In addition to numerous published articles, Michael authored The Practitioners Guide to Reflective Practice in Conflict Resolution (2019), the second edition of which will be published in the fall, 2024, and co-authored The Making of a Mediator: Developing Artistry in Practice, (2000). As part of his long-time commitment to mediator excellence, Michael currently facilitates 7 monthly online reflective practice groups for mediators, with participants from around the world. With Susanne Terry, he founded and is co-director of The Reflective Practice Institute International.

Michael received the John Haynes Distinguished Mediator Award from ACR in 2012 and was named Outstanding Professional Family Mediator for 2020 by the Academy of Professional Family Mediators.

***

Tzofnat Peleg-Baker, Ph.D., is a multidisciplinary applied social psychologist focusing on the conditions and implicit social-psychological barriers to sustainable dialogic forms of relating. Her transformative relational approach draws from research and over twenty years of global practice. Tzofnat's transformative work integrates practical reflective tools rooted in behavioral science research with inclusive social environments and participative organizational practices. Dr. Peleg-Baker has taught courses at universities, globally on dialogue, dignity-based respect, conflict management, mediation, and Diversity, Equity, Inclusion, and Belonging (DEIB), and recently in the School of Business at Rutgers University and Portland Community College.

Tzofnat served as a Board Member in peace organizations, conceptualized and worked as a senior consultant for pioneering democratic schools and dialogic school processes in Israel, led intergroup dialogues in the Middle East between religious and secular groups, Jews and Arabs, and Israelis and Palestinians, and trained and coached government officials in Africa. As the Head of Strategy in the Israeli Ministry of Justice, she played a central role in introducing Alternative Dispute Resolution (ADR) and Restorative Justice across diverse fields. Tzofnat has served as a community and organizational mediator and developed certificate mediation and apprenticeship programs. Presently, Tzofnat leads transformative processes, facilitates monthly reflective peer learning groups, and teaches third-party interveners and dialogue professionals practicing globally in collaboration with international nonprofit organizations. She also provides mediation services to marginalized populations in Oregon. Tzofnat holds a Ph.D. and M.A. in social psychology and education and an M.A. in communication and learning. She authored professional and academic articles and book chapters covering dialogue, relational and conflict transformation, and decision-making in third-party interventions.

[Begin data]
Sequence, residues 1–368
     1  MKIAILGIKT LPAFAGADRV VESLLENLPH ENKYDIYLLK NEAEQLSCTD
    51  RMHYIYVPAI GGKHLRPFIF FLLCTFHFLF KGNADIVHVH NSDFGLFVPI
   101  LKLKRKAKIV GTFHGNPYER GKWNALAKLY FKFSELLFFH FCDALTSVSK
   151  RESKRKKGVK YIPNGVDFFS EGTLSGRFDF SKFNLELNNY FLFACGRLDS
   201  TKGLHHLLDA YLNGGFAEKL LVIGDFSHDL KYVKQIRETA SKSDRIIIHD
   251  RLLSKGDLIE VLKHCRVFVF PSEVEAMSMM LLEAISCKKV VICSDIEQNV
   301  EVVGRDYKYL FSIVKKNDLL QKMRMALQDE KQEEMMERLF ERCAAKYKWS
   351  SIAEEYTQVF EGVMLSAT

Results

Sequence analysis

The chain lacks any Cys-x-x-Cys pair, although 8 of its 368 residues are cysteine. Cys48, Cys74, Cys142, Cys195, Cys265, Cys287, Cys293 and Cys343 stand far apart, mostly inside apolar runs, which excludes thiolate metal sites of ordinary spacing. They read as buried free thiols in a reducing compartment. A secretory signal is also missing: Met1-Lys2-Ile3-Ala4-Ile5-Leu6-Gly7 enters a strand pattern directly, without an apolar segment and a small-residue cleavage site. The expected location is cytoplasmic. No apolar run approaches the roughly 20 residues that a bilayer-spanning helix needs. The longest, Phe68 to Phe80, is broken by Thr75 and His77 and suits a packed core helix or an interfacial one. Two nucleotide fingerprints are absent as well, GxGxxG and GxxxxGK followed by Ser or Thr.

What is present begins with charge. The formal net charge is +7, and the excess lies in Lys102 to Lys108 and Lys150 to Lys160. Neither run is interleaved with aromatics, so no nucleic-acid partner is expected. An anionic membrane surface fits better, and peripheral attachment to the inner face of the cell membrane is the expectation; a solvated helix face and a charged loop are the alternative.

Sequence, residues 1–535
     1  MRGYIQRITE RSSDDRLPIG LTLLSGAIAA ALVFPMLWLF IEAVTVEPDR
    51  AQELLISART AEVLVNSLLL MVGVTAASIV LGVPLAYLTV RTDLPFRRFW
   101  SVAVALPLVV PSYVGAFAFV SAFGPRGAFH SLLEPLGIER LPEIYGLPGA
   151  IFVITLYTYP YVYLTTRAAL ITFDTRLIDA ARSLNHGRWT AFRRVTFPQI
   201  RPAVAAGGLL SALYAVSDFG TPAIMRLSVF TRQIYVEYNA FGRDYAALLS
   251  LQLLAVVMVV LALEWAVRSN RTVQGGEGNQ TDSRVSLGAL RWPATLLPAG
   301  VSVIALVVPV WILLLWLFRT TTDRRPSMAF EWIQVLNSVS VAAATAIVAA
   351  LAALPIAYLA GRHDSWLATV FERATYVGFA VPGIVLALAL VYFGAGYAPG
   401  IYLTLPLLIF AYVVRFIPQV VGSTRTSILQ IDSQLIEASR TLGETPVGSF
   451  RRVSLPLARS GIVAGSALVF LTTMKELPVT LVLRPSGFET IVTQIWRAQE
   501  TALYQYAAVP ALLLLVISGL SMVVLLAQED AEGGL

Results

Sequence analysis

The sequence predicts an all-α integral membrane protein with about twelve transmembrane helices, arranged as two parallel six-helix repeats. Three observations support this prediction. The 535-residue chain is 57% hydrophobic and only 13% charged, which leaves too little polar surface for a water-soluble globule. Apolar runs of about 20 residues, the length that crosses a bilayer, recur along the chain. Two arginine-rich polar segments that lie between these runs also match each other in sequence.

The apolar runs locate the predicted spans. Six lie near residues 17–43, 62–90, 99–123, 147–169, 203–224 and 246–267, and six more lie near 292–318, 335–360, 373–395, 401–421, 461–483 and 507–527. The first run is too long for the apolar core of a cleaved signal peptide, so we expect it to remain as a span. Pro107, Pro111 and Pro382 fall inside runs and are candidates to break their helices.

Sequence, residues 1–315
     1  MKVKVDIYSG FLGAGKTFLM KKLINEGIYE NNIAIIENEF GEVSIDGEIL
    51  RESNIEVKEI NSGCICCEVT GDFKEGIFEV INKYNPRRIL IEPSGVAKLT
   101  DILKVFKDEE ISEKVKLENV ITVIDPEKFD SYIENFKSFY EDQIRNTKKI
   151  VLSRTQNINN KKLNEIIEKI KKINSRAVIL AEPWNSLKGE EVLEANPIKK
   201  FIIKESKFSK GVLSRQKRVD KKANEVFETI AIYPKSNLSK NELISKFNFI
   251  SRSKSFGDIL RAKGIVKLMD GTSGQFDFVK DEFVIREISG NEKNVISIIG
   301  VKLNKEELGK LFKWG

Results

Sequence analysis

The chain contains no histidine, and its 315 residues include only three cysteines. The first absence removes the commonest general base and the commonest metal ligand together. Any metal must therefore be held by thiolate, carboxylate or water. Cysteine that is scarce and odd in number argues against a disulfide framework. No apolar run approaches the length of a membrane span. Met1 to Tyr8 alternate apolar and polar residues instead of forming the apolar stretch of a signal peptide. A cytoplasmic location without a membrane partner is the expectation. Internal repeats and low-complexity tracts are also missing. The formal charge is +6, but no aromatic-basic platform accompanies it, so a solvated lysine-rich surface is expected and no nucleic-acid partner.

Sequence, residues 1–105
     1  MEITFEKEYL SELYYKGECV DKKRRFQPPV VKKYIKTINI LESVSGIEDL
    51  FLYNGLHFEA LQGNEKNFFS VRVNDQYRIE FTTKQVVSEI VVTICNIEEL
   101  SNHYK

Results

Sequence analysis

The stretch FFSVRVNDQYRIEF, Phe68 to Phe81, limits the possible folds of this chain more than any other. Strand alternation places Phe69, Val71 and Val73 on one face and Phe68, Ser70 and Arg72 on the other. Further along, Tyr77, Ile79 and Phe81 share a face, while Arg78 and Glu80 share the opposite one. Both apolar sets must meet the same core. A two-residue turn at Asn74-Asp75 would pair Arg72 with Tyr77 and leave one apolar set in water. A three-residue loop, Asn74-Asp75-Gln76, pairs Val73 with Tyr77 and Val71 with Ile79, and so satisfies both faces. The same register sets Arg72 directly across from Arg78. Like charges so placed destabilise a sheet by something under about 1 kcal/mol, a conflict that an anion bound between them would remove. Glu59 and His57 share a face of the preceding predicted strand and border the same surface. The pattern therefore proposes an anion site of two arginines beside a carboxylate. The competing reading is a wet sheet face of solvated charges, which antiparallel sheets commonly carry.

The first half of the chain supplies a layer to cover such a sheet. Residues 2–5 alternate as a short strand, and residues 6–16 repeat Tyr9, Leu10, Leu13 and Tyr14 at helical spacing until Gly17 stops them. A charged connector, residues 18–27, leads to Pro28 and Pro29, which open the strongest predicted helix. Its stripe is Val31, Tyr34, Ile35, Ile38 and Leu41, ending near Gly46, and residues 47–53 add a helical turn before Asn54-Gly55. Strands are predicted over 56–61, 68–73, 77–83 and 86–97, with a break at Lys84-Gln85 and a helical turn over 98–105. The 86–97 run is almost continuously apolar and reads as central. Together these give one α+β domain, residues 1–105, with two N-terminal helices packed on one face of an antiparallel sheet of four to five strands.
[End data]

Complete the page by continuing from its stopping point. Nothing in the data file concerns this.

IMPORTANT NOTE:

The Roundtable Breakfasts are virtual meetings on Zoom. The link will change each month and will be distributed to all registrants the day before and the morning of the event. All listed times for ACR-GNY events are for Eastern Time.

8:00 am – 8:30 am | Join call to network with attendees

8:30 am – 10:00 am | Presentation and Discussion


About the Roundtable Breakfasts

The Roundtable Breakfasts are organized by ACR-GNY and the CUNY Dispute Resolution Center at John Jay College. They take place the first Thursday of the month and are ongoing since 2001.

This program is supported by ACR-GNY's 365 Sponsor:



Association for Conflict Resolution - Greater New York Chapter

© ACR-GNY

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Email us at questions@acrgny.org